Just like we did last week, I threw five questions to the enemy to learn a bit more about the Chargers’ opponent in Week 2.
A big thank you to Tom Childs over at Arrowhead Pride, SB Nation’s Kansas City Chiefs site, for answering my questions.
Let’s get to it.
1. Clyde Edwards-Helaire is one game into his NFL career and he has already looked like one of the best running backs in the NFL. What makes him such a perfect fit in the Chiefs offense?
We’ve seen what Andy Reid can achieve with good but not great running backs in the past - Charcandrick West, Spencer Ware and even Damien Williams have all produced in Reid’s system but to a man, they have all had flaws in their games. Based on what we’ve seen in his college tape and what we have seen so far in the pros, Clyde Edwards-Helaire not only has far less holes in his game but he also possesses elite traits. Vision is an often overlooked part of a running backs game – CEH has that; the ability to cut on a dime – CEH has that; the hands and the route running to be a major factor in the passing game – CEH has that. I think what I’m trying to get at is that Edwards-Helaire is probably the most talented running back Andy Reid has had to work with since Jamaal Charles - and we all know how that played out.
2. The Chargers limited Patrick Mahomes to less than 200 passing yards twice last season, something that only happened three times total in 2019. Why do you think the Bolts’ defense was able to accomplish this rare feat last year?
It would be easy to sit here and put it down to familiarity but I think the answer is probably far more complex than that. Firstly, there is a reason the Chargers are always seen as a potential dark-horse and that’s the personnel on defense. Generally the Chargers defense matches up well man-for-man with the Chiefs offense. Secondly, even without Derwin James, the Chargers cover 3 defense has forced the Chiefs and more specifically Patrick Mahomes to show even more patience than usual. The 49ers had similar success with that scheme in the Super Bowl – that was until the Chiefs had time to run wasp. Despite the success of the Chargers pass defense last year, it must be added that despite the fact the Chiefs didn’t do their usual amount of damage through the air, the Chiefs did average 146 rushing yards per game against the Chargers - a figure that was 45 yards a game above their 2019 average.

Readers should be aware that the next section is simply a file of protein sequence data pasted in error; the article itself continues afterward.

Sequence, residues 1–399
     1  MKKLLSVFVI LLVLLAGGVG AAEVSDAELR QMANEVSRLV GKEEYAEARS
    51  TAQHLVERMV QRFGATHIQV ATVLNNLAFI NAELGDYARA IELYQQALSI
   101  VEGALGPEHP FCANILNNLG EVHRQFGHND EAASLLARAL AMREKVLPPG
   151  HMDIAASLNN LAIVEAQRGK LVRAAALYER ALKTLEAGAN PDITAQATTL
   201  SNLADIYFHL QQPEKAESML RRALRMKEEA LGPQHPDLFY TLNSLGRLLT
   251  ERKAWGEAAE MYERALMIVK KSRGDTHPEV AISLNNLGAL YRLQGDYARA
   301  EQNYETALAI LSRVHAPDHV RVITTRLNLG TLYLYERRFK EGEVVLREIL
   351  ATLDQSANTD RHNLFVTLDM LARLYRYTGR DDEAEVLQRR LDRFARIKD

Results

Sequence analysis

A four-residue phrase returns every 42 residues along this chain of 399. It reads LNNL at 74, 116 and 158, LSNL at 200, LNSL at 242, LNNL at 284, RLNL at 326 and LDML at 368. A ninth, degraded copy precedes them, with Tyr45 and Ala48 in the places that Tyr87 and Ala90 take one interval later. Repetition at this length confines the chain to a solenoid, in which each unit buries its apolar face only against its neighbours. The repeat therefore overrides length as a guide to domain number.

3. The Chiefs defense, while not having any household names at linebacker, seem to play extremely disruptive defense nonetheless. What can the Chargers expect to see while on offense this Sunday?
It starts with a pair of tandems – one of up front and one in the secondary. Chris Jones and Frank Clark when healthy are as good as any lineman pairing in the NFL. We all know what Chris Jones offers in terms of sacks and pressures, and whilst the stats might not show it, Frank Clark has been excellent since he has finally got over his lingering injuries.
With the as for mentioned pair creating havoc up front, it is the range and savvy of the Chiefs safeties that have made the real difference to the Chiefs pass defense. The level of which Tyrann Mathieu in particular has been playing at over the last 10 or so games has been outstanding. The Chargers saw this themselves last year, especially during their week 17 matchup when Mathieu come down with an interception he probably had no right to. His running mate isn’t too bad either. Juan Thornhill’s range at free safety has allowed the Chiefs corners to play a little more aggressive at the line. A tactic when paired with a veracious pass rush will make up for holes in other areas of the defense, including at linebacker.
4. How would you describe Kansas City’s high-powered offense? What makes Andy Reid one of the best play-callers in the NFL?
With the addition of Clyde Edwards-Helaire it really is a do-it-all offense now. You can double Tyreek Hill, ok fine Travis Kelce will beat you. You’ve doubled him too! Let’s get Sammy Watkins involved. Wait, you’ve managed to smother all of the Chiefs receivers with different coverages? Fine then, we’ll give the rock to our rookie running back and let him run against a 6 man box. It doesn’t matter where you look on this Chiefs offense there is vast amounts of talent and speed. There’s a reason they’re referred to as the ‘Legion of Zoom’.
The beauty of the Chiefs offense isn’t just the obvious talent, it’s the method behind the madness. Care not about what defensive coordinators attempt, Andy Reid always seems to be one step ahead. No coach uses deception and window dressing quite like Reid. He has defenders thinking before the snap, which in itself is a recipe for disaster.
5. If you were the Chargers, what would be your game plan against the Chiefs?
Now there’s the million dollar question. The simple answer would be pick your poison when on defense and then to fight fire with fire on offense. Normally I would highly recommend that the Chiefs opposition doesn’t even bother including their punter in the game day squad, but given the Chargers relative success against Patrick Mahomes recently, then maybe Anthony Lynn doesn’t need to go to such extremes. However, the more aggressive the Chargers are on both sides of the ball, the more chance they’ll have of winning this game, although I personally do not see it happening.